Raw DNG file from VueScan from negatives-Number of passes?

I only began using VueScan with my Minolta Dimage Scan Elite 5400 to create Raw DNG file for processing in Lightroom Classic and NLP. The guidelines do not make specific reference to the setting for the number passes, the screen capture shows 1. Over several years I have usually scanned to output as tiff or jpeg and would use several passes in the setting to achieve a high-quality output file.
In the forum, I have come across advice to leave the setting at 1 since there is no advantage to selecting several passes. Is this thinking specific to Raw DNG’s.
The negatives that I am working with are from the early 1980’s so they are over 35 years old any thoughts on this issue. The scans take a lot longer than a single pass.


In theory, increasing the number of samples will increase the usable bit depth. At least in my own limited trials, this did not produce a visibly noticeable difference (and it dramatically increased scan times). But there may be some circumstances where this could be important (for instance, if you see posterization in your final results, you may try increasing the number of samples to see if that helps). More information here: Maximizing Image Quality


Thanks for your input and the useful link. The negatives I am using are 35 years or more and my experience with multiple passes is that it’s helps reduce the scratches and “noise” from degradation of the negatives. I will try and do a comparison to post online.
The Minolta Dimage Scan Elite was very highly regarded back in the early 2000’s but it’s slow.
It’s taking 10 min per negative with 3 passes.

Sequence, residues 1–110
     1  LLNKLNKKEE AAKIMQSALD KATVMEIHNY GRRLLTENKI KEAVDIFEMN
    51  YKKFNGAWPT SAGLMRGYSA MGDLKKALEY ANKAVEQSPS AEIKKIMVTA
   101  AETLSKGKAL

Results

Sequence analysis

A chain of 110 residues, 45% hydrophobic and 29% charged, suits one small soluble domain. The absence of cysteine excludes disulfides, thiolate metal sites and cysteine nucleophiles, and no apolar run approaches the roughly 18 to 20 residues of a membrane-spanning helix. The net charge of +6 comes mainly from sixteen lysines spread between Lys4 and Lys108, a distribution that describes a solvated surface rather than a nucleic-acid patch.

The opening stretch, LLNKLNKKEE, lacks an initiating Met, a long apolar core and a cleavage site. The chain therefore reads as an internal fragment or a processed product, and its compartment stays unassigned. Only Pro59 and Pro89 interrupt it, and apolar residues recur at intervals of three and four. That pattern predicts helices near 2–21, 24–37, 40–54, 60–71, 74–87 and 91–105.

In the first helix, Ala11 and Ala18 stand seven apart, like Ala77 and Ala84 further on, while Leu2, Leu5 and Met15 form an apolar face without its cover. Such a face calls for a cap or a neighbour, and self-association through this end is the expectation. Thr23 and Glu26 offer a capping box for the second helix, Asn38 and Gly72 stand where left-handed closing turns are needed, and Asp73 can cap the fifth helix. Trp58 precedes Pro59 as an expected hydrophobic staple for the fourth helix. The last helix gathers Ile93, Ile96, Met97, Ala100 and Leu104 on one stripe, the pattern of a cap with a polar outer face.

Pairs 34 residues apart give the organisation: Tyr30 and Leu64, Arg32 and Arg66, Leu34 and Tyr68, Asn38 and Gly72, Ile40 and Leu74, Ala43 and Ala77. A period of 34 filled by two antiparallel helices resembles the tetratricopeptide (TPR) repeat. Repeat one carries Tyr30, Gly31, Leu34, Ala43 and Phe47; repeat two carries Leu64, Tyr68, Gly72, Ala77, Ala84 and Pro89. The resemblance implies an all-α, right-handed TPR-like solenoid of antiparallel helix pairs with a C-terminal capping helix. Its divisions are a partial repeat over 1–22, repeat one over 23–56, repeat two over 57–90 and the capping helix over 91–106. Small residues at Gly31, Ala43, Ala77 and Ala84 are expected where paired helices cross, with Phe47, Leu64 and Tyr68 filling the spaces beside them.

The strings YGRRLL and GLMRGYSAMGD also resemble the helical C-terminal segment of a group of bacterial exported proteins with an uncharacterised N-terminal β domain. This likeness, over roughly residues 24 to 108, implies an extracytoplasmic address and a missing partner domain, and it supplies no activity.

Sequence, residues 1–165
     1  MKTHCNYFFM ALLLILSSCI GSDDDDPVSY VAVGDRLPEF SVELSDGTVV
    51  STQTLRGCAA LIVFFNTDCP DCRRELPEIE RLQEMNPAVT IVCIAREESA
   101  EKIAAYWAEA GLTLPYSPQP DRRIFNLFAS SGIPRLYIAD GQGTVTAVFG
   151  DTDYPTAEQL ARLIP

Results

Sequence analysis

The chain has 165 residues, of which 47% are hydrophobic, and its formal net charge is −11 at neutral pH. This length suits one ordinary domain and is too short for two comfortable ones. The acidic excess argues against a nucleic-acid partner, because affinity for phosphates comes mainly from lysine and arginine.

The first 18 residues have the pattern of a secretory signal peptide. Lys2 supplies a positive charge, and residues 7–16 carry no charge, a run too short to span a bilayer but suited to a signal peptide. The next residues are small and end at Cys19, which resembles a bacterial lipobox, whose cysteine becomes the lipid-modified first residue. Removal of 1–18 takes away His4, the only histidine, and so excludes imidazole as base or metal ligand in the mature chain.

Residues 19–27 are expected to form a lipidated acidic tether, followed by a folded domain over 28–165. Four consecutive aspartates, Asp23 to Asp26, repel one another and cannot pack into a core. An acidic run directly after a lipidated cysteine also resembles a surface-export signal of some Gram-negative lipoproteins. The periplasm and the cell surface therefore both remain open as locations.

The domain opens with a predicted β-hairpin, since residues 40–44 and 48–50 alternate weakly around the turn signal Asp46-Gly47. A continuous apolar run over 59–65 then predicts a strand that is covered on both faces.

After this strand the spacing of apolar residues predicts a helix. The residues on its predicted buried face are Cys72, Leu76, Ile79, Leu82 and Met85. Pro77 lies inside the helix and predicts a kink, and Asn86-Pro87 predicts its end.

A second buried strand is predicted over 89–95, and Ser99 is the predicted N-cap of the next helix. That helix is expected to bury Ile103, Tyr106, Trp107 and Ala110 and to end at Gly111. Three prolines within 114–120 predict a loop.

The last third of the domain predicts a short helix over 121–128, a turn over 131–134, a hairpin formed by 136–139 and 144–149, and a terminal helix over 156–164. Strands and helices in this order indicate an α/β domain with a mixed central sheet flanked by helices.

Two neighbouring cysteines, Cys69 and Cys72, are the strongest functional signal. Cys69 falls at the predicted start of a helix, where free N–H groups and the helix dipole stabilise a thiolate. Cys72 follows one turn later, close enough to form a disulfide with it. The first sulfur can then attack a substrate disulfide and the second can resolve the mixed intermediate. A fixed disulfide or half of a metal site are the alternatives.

I use the Scan Elite 5400 and have found that unless the negative is REALLY dense, the multipass/exposure made little difference except in extra time even when scanning negatives that are 50+ years old. The grain dissolver helped reduce the appearance of scratches a little because the light is more diffuse, but it was even more helpful with Fuji films in reducing the appearance of the pepper grain. Sadly, I haven’t found that Vuescan does a particular good job with dust and scratches with my 5400 compared to the Nikon LS-50 I also have.

Where I found the multiple exposures or passes to be especially helpful was when working with old Kodachrome slides. In some cases the slides were slightly under exposed and the extra passes helped me pull just what little detail was in the murk of the shadows.

I would recommend enabling the grain dissolver in Vuescan and skip the multiple samples. The grain dissolver will increase the scan time a little because it’s a translucent material that is physically inserted between the light source and the negative to soften the light. The grain dissolver helps reduce the appearance of scratches by softening the light so it’s less directional. It can have a minor effect on the apparent sharpness because the light is uncollimated, but it’s not a real loss of sharpness but rather just a slight loss of micro contrast which is why it helps with softening the grain a little as well as the scratches.

I did a quick test, the images are from the scans converted in NLP the only adjustment is brightness -3, crop is from the image display on my iMac 27" 5K monitor at 100%. The first image is for a scan 3 passes and grain dissolver off, the second is the same brightness 1 pass and grain dissolver on.
Comments are welcome. The three pass takes 10 minuites the 1 pass 7 miniutes.

To my eyes as I flip between the images, it almost looks like the second image isn’t as well focused as the first. The grain is softer as I’d expect with the grain dissolver, but other features are softer too that look to me like the scanner was slightly defocused. Both are pretty good. Also, the Minolta scanner is multisampling, not multi scanning. You may have known that, but unlike some scanners where multi scanning means that it makes multiple passes, the Minolta is simply re-reading the ccd values multiple times, so alignment of the pixels is less of a concern.

The general school of thought on multipass/multisamplling is that the increased sampling will help with the shadow areas of a film. With negatives, that shadow area is the highlights obviously; however, negatives aren’t usually dense enough to fall into the deep shadow area that would cause most scanners to struggle.

Phil, thanks for the info and your thoughts. I definitely see benefits to using multiple passes and the grain dissolver, and will consider using both when necessary. The deciding issue is time, if I cannot clean spots, scratches and other “debris” with the scan then it’s a job for Photoshop or like applications.